BusinessDay
Nigeria's leading finance and market intelligence news report.

Benefits new Finance Act holds for real estate investors, potential homeowners

Contrary to the treatment of real estate investment trusts (REITs) globally as tax neutral vehicles, Nigerian REITs has been faced with the risk of multiple taxation which has dampened investors’ appetite.

But with the new Finance Act, there are expectations of attaining global best practice.

Described by industry experts as a major leap, the Finance Act which became effective February 1, 2020, holds benefits for both real estate investors and potential homeowners, BusinessDay analysis shows.

According to section 23 (1) of the Company Income Tax Act (CITA) as amended in the Finance Act of 2019, “the dividend and rental income received by a real estate investment company (REICs) on behalf of its shareholders” shall be exempted from Company Income Tax (CIT) “provides that a minimum of 75 percent of dividend and rental income is distributed “within 12 months of the end of the financial year in which the income was earned.”

“By amending the CITA provision on ‘Payment of Dividends by a Nigerian Company’ and including an exemption for distributions made by a REIC, this risk, and the obvious disincentive to invest in REICs, is managed,” KPMG said.

President Muhammadu Buhari signed the Finance Bill, 2019 (now Finance Act) into law in January and it was specially designed to support the implementation of the 2020 National Budget and to create an enabling environment for businesses.

Commenting on how the new Act will impact the real estate industry, Albert Folorunsho, the Managing Consultant of Pedabo, a Lagos-based auditing firm said it will be encouraging for real estate investment as the company income tax will not be charged on the minimum 75 percent dividend.

“It is a major leap, and the provision can support the housing need of the public,” Folorunsho told BusinessDay.

According to industry experts, REIT provides a practical, effective and efficient avenue for investing in real estate through the transfer of legal interests and has an enormous impact on economic performance as a result of increased activities in both the capital markets and the real estate sector.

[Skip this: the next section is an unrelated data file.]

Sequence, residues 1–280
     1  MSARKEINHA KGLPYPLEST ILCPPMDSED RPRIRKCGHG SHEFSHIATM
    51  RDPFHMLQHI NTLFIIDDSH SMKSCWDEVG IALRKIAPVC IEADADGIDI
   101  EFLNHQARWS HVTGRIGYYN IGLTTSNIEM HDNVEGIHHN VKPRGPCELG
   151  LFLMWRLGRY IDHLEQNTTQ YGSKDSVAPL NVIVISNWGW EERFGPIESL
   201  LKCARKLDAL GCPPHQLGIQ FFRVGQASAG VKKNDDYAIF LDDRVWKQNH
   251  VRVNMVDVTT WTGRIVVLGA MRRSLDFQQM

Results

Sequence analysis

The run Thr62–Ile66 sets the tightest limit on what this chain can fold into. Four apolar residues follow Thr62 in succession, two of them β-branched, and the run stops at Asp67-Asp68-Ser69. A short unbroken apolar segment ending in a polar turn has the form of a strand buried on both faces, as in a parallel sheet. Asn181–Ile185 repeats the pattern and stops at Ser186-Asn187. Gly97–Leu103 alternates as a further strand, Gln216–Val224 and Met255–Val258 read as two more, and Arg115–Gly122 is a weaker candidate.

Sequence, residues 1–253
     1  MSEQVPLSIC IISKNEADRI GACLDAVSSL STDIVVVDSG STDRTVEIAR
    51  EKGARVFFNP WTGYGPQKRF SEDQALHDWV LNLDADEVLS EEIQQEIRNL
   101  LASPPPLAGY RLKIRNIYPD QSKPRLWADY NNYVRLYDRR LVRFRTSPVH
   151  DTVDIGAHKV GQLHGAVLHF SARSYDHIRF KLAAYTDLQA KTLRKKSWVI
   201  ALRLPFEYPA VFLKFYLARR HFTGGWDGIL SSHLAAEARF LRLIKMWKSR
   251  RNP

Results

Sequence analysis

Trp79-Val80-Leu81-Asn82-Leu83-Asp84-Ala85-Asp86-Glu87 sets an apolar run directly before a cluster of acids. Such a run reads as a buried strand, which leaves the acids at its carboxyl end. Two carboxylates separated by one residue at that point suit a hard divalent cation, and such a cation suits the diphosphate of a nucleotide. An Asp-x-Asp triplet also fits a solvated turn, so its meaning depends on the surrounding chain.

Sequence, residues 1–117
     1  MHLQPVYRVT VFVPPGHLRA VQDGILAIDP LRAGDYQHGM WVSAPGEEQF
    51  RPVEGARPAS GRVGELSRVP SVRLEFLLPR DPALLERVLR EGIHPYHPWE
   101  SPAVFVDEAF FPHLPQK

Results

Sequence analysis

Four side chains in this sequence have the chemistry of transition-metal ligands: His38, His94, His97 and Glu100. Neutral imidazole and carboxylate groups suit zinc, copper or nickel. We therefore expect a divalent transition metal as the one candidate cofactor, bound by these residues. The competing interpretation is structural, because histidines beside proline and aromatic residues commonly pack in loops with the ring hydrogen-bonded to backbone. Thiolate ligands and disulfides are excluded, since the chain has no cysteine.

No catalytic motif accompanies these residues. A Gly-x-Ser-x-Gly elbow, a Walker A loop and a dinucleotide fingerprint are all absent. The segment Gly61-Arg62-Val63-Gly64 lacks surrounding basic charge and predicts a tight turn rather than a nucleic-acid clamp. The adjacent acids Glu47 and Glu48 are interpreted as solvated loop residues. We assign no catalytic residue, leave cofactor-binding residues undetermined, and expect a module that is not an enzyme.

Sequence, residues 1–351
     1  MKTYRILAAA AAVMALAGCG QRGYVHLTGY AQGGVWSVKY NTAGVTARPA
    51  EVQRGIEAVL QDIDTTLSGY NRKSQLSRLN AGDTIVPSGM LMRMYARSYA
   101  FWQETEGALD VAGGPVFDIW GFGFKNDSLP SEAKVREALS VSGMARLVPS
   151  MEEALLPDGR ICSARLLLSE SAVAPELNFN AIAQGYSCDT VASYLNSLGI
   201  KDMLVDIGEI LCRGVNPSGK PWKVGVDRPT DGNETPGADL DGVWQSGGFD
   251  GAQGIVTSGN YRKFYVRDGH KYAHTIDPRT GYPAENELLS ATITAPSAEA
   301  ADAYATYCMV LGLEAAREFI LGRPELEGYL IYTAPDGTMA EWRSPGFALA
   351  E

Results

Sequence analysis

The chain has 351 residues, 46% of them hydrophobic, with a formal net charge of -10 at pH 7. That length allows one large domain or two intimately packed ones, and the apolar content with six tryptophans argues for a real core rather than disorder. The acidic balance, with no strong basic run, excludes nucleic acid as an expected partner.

A REIT is a company owning and typically operating real estate which generates income. Most REITs specialize in a specific real estate sector, and properties included in a REIT’s portfolio may include apartment complexes, data centres, health care facilities, hotels, infrastructure—in the form of fibre cables, cell towers, and energy pipelines—office buildings, retail centres, self-storage, timberland, and warehouses.

Taiwo Oyedele, Fiscal Policy Partner & West Africa Tax Leader, PwC was of the opinion that the new Finance Act will make REITs more attractive.

“With the Finance Act, they will become more attractive as the tax effect produces the same result as REITs. As such, this initiative has the potential to encourage public investments and mobilise more liquidity for real estate projects with a corresponding positive impact on the capital market,” Oyedele said.

A survey by KPMG on the impact of REITs in the US shows that the total economic contribution of the US REITs in 2017 was an estimated 2.3 million full-time jobs and $140.4 billion of labour income. REITs also contributed approximately $19 billion in property taxes in 2017.

“Clearly, REITs are a significant contributor to the US economy in terms of jobs, economic activities and tax generation. The impact of REITs in other African economies, such as South Africa and India, is also worthy of note,” the survey read.

The prospects for REIS in Nigeria is perceived to be strong due to the high demand for, and undersupply of, real estate assets, and limited institutional investment. However, the absence of an enabling tax framework had hindered investment in REITs and failed to unlock the potential benefits attributable to REIT activities, as compiled from industry sources.

Adeniyi Akinlusi, president of Mortgage Bankers Association of Nigeria (MBAN) and CEO, Trustbond Mortgage said the new Finance Act will encourage people to invest in real estate and when that happens the investment companies will have more funds at their disposal to execute projects.

“With more REITs fueled by an increase in investments the real estate investment companies will be able to increase the supply of products; residential, commercial. They can be able to also promote mortgagee and may even begin to consider setting up a mortgage trust fund,” Akinlusi projected.

According to industry experts, the impact of the new Finance Act could mean that potential homeowners and even tenants can be able to get real estate properties at a more affordable rate.